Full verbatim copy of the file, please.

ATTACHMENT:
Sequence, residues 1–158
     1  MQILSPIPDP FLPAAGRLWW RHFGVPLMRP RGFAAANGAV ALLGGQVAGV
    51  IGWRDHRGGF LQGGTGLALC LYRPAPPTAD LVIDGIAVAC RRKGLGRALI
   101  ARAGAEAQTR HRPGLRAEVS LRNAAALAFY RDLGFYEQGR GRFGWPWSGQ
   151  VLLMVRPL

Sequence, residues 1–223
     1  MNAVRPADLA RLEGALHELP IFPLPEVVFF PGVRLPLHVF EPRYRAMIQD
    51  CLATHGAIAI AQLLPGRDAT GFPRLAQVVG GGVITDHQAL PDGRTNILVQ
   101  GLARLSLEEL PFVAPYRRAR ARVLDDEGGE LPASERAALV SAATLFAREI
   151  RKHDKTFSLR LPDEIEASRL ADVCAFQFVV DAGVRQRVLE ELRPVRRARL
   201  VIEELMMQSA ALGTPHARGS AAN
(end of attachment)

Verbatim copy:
Sequence, residues 1–158
     1  MQILSPIPDP FLPAAGRLWW RHFGVPLMRP RGFAAANGAV ALLGGQVAGV
    51  IGWRDHRGGF LQGGTGLALC LYRPAPPTAD LVIDGIAVAC RRKGLGRALI
   101  ARAGAEAQTR HRPGLRAEVS LRNAAALAFY RDLGFYEQGR GRFGWPWSGQ
   151  VLLMVRPL

Sequence, residues 1–223
     1  MNAVRPADLA RLEGALHELP IFPLPEVVFF PGVRLPLHVF EPRYRAMIQD
    51  CLATHGAIAI AQLLPGRDAT GFPRLAQVVG GGVITDHQAL PDGRTNILVQ
   101  GLARLSLEEL PFVAPYRRAR ARVLDDEGGE LPASERAALV SAATLFAREI
   151  RKHDKTFSLR LPDEIEASRL ADVCAFQFVV DAGVRQRVLE ELRPVRRARL
   201  VIEELMMQSA ALGTPHARGS AAN